Kendall Belleville's comment, September 2, 2013 5:11 PM
It is really cool to see how much of tho religions are in the United States. it is really nice to see that people are being supportive of them. It is interesting that there are large areas of religion and then some areas have very little.
Sid McIntyre-DeLaMelena's curator insight, May 29, 2014 12:30 AM

This map conveys the population of Mormons in each state. The sizes of the states are presented as corresponding the the Mormon population in each. The map links to more than what it shows. When you ask why are so many Mormons in Utah you can look into the past of Utah and the past of Mormons and you will find that Mormons settled in Utah following one of their leaders. You can then even ask the question why are Mormons still migrating to Utah or the question why did they stay there. Human geography can help us find the answers to these questions. A shared ideology among the community. A lack of repercussion for being open about their belief. A sense of belonging. Family connections. Human Geography help us unravel these mysteries which were brought to our attention by a simple map.

Regional spaces of Mormon's (such as the rather Formal region of Utah) are shown through the map and show the distribution of Mormonism throughout the world.

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States With Most and Least Stress

States With Most and Least Stress | Geography Education | Scoop.it

"For the past five years, Hawaii has consistently ranked as the least stressed state, while West Virginia, Kentucky, and Utah have been among the most stressed states. Despite this, Utah residents join Hawaii residents in reporting among the highest levels of enjoyment in the U.S., while West Virginia and Kentucky residents report some of the lowest levels of enjoyment.  While the relationship between stress and enjoyment is not clear, states with the highest stress levels tend to report less daily enjoyment."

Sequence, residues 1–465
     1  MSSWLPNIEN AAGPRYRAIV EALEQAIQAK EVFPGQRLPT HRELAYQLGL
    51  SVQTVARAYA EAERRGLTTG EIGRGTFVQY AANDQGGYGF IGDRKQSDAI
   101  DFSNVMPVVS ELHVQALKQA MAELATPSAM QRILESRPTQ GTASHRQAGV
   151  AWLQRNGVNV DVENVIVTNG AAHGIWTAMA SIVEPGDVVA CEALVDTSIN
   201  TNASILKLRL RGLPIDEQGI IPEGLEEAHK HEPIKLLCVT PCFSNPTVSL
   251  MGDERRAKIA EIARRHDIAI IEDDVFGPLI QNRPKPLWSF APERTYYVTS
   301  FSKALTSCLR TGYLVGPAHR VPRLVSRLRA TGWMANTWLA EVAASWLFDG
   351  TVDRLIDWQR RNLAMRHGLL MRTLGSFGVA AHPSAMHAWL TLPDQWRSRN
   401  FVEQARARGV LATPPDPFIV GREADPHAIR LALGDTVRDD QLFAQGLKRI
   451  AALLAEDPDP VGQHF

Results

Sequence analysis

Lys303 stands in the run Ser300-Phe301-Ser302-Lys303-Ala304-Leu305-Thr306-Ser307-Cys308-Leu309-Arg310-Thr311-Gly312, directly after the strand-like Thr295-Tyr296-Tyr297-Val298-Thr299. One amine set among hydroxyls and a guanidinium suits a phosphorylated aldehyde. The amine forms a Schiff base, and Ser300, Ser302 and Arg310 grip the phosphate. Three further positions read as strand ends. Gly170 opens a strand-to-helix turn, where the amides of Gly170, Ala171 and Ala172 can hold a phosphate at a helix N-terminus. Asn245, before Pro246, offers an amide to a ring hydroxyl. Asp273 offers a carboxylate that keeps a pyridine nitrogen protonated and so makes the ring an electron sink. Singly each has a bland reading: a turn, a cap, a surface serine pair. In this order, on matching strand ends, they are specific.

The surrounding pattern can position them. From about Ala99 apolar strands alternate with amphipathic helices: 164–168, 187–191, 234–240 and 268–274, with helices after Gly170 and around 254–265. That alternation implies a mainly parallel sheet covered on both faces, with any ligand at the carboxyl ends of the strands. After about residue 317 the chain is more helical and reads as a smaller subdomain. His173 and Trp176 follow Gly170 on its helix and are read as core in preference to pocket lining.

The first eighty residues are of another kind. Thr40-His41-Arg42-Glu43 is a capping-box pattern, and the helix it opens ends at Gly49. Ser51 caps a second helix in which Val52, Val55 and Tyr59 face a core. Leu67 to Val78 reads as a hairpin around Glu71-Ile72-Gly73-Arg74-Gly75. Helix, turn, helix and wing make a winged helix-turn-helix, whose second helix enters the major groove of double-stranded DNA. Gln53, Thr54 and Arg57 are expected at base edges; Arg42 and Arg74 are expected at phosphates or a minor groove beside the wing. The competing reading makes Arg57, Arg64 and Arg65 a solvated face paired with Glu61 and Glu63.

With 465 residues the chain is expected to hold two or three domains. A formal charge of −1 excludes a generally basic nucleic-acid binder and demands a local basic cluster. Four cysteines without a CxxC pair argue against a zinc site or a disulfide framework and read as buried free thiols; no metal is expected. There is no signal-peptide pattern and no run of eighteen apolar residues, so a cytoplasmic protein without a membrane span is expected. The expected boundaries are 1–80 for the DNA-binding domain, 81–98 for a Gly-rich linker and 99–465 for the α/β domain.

Seth Dixon's insight:

In addition to being the state with the least joy, Rhode Island is ranked as the 2nd most stressed out state.  I think that means it's time to to get out of the Ocean State for a while. 


Questions to Ponder: what are some factors that may account for this regional variation?  What explains your states relative levels of stress and enjoyment?   

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Amber Nicole Bogie's curator insight, May 29, 2013 12:00 PM

I can guess what Hawaii is the least stressed. Where does your state rank and why? 

Steven Flis's curator insight, December 17, 2013 4:12 PM

Woohoo!! Most stressful state. This is no surprise with Rhode Island only being behind Neveda for highest unemploment. Also the poor quality can easily make up that .9% which put us in the lead. This article also goes to show that if you live in a beautiful place your more likely to have a higher enjoyment the concrete jungles.

Mark Hathaway's curator insight, September 15, 2015 8:28 AM

Rhode Islands are stressed out and unhappy. I think the findings in this survey by Gallup will surprise  no one in this state. The Great Recession of 2008 hit our state hard. Throughout the crises our state had some of the highest levels of unemployment in the nation. The recovery from the recession has been particularly slow in Rhode Island. Our utter lack of industry and high tax structure does not help matters. Hawaii being the less stressed state is also of little surprise to most people. Hawaii is as close to paradise on earth as man is likely to achieve. Three of the bottom five states in the category of daily enjoyment, are in the Northeastern portion of the nation. Life in the Northeast is full of headaches. The weather is often nasty. The economic development is often stalled. I do not find it surprising, that the Northeast is near the bottom of the enjoyment portion of the survey.

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America's Most (and Least) Religious Metro Areas

America's Most (and Least) Religious Metro Areas | Geography Education | Scoop.it
Provo, Utah, and Burlington, Vermont, represent opposite ends of the U.S. religiosity spectrum.
Seth Dixon's insight: